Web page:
A Presbyterian missionary first brought the gospel to Buddhist, animist Laos in 1885. Whilst the ethnic Lao were resistant, the ethnic minorities were not. Thanks to Gospel radio and indigenous missionaries, the 20th century saw revivals amongst the Hmong and the Khmu which sometimes involved whole villages turning to Christ.

During the second Indochina war the Hmong, who live in the hills that straddle northern Vietnam and Laos, joined with the American forces against the Communists. But by April 1975 the Americans had been driven out and the Communists had won. This left the Hmong in a dire situation as an ethnic and growing religious minority under vengeful Communist regimes. According to Operation World, some 90 percent of all the Laos Christian leadership were forced to flee the Communist advances, reprisals, purges and persecution of 1975.

The Laos government, still one of the world's most severe abusers of religious liberty, has explicitly declared its intention to 'eliminate Christianity'. The government not only severely persecutes Christians, it is also pursuing a genocidal war against the restive Hmong, using military means which include gross barbarity, chemical weapons ('yellow rain') and starvation. (See note and links below).

In early June, ten people were arrested in California, USA, and charged with plotting a coup to overthrow the Laos government. The ringleaders of the alleged plot were Harrison Jack (60), a former US Army Ranger who led covert operations and worked with Hmong fighters during the Vietnam War, and Gen. Vang Pao (77), a prominent member of the Hmong community who emigrated to the US in the 1970s. The BBC reports that Vang Pao, as a Laotian general, led CIA-backed forces against Communist guerrillas before they seized power in 1975. According to the BBC the group is said to have spent millions of dollars on weapons and explosives.

The events in the US have triggered a major persecution against Christian Hmong in Laos, where it is assumed the Christians have US links. Compass Direct (CD) reported on 7 August that Lao government soldiers and police had killed at least 13 Hmong Christians in the previous month and that some 200 members of a 1900-strong Laos Evangelical Church in Ban Sai Jarern (north-western Laos) were imprisoned. One source told CD that police are shooting on sight Christians they are searching for intensively in rice fields and mountains. Vietnamese police and soldiers have crossed into Laos seeking Vietnamese Hmong.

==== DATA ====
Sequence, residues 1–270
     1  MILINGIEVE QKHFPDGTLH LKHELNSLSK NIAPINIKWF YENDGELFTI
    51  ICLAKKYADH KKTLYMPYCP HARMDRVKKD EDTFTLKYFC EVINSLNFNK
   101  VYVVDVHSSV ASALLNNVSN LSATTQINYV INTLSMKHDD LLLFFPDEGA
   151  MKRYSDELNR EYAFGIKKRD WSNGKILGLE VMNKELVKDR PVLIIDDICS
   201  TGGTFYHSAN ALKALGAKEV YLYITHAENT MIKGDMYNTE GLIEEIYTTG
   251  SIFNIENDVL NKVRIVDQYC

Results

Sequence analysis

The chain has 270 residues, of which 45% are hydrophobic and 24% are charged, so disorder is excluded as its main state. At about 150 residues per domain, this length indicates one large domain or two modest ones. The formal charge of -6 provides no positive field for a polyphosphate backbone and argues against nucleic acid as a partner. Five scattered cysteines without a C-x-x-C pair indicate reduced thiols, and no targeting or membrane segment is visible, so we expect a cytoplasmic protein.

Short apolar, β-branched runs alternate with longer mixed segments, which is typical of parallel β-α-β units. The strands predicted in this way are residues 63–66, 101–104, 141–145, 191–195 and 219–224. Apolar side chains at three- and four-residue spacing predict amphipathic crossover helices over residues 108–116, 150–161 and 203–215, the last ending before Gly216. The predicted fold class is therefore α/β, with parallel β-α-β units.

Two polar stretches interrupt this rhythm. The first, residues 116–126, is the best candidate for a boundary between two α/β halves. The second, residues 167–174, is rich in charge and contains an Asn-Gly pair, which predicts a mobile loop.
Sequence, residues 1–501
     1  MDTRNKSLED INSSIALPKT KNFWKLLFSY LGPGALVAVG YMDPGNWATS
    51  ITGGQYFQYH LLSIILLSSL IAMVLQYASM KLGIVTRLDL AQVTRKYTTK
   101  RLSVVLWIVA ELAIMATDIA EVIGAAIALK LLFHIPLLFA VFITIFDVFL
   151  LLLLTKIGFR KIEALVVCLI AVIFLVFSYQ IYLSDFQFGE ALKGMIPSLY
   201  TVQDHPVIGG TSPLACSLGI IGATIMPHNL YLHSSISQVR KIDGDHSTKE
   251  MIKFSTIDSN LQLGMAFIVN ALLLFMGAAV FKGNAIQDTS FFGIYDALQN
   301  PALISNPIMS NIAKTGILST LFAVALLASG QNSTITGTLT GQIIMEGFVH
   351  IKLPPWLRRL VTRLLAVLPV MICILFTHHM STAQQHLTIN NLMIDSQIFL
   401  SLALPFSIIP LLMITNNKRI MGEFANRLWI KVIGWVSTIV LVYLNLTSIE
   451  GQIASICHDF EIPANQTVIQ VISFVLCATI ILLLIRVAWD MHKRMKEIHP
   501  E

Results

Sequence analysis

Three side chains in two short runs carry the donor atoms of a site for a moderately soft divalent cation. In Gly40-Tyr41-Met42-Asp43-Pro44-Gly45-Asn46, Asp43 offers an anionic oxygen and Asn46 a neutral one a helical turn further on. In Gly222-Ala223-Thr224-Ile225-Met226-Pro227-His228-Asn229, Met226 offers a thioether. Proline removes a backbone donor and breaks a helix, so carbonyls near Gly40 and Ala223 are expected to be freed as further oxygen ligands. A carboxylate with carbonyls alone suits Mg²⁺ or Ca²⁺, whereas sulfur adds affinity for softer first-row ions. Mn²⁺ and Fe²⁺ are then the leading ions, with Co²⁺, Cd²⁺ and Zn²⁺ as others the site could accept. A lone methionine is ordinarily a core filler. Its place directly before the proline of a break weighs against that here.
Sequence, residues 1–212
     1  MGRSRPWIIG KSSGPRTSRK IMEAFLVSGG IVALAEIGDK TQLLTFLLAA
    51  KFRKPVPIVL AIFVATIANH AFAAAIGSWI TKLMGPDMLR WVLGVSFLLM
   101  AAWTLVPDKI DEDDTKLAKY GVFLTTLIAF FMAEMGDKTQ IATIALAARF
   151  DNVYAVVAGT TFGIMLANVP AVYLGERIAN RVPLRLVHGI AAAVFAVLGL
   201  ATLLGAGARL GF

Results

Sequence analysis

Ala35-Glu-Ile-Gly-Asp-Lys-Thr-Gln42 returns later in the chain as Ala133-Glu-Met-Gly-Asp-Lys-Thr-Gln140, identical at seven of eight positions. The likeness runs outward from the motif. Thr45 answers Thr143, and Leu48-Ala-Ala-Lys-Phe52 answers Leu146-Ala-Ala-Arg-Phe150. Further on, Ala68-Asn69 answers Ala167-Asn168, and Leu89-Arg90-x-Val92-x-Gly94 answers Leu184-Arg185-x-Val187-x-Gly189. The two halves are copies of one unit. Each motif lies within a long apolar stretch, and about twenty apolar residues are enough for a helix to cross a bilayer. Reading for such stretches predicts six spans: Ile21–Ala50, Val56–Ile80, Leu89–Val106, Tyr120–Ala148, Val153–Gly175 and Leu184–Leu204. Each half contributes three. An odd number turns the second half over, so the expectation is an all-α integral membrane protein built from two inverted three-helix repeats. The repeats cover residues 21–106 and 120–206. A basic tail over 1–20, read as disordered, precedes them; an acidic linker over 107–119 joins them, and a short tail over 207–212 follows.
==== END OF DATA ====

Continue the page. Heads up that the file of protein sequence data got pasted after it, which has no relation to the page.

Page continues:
The authorities are accusing the churches of being linked to Gen. Vang Pao and that the pastors are preparing their congregations to participate in the coup. The churches however flatly deny the charges and maintain that they are good, loyal, law-abiding citizens. Exploiting the situation, Communist village officials and committee members and other anti-Christian elements are agitating for a purge of Christians. Numerous church leaders have been seized. Police are pursuing others who are on the run.

On top of this, the Thai Prime Minister announced on 6 August that Thailand would return some 8000 ethnic Hmong refugees to Laos despite their claims they face persecution in their homeland. World leaders generally are indifferent to what they know is happening in Laos, which will apply for membership in the World Trade Organisation in 2008.


* protect and sustain his Church amidst this terrible persecution, especially the Christian leaders - so vital for the Church - who are being specifically targeted by the authorities.

* speak comfort and love to the hearts of the Christian believers amongst the traumatised Hmong fleeing through the jungle or who are refugees in Thailand, so that they will not lose faith or hope; may he draw them to prayer and deliver them from their enemies. 'From the Lord comes deliverance.' (Psalm 3:8 NIV)

* turn the hearts of world leaders from indifference to indignation that leads to action (Proverbs 21:1).

* pour out his Spirit mightily on the majority Lao people, emboldening the Lao Church and opening Lao hearts to receive the gospel.





The Hmong live in the hills of northern Vietnam and Laos. Last century multitudes of Hmong became Christians through great movements of the Holy Spirit, mainly in response to Gospel radio.

The Hmong fought alongside the US against the Communists during the second Indochina war, but by 1975 the US had left and the Communists had won. The Hmong, especially the Christians, were then persecuted severely. Laos is one of the world's worst abusers of religious liberty and Christians there are treated as state enemies. The government has vowed to 'eliminate Christianity'. In June US police uncovered a Hmong plot to overthrow the Laos government and rounded up the ringleaders in California. This has triggered severe persecution against Christian Hmong in Laos, where it is assumed the Christians have US links. Please pray. The situation is desperate.



Rebecca Sommer, a German-born New York-based filmmaker and human rights activist, has produced a film 'Hunted Like Animals' that shockingly exposes the severe trauma of the Hmong.

'Hunted Like Animals' may be purchased as a DVD or watched as Quicktime clips from Rebecca Sommer's site <> or as a series of YouTube clips <>.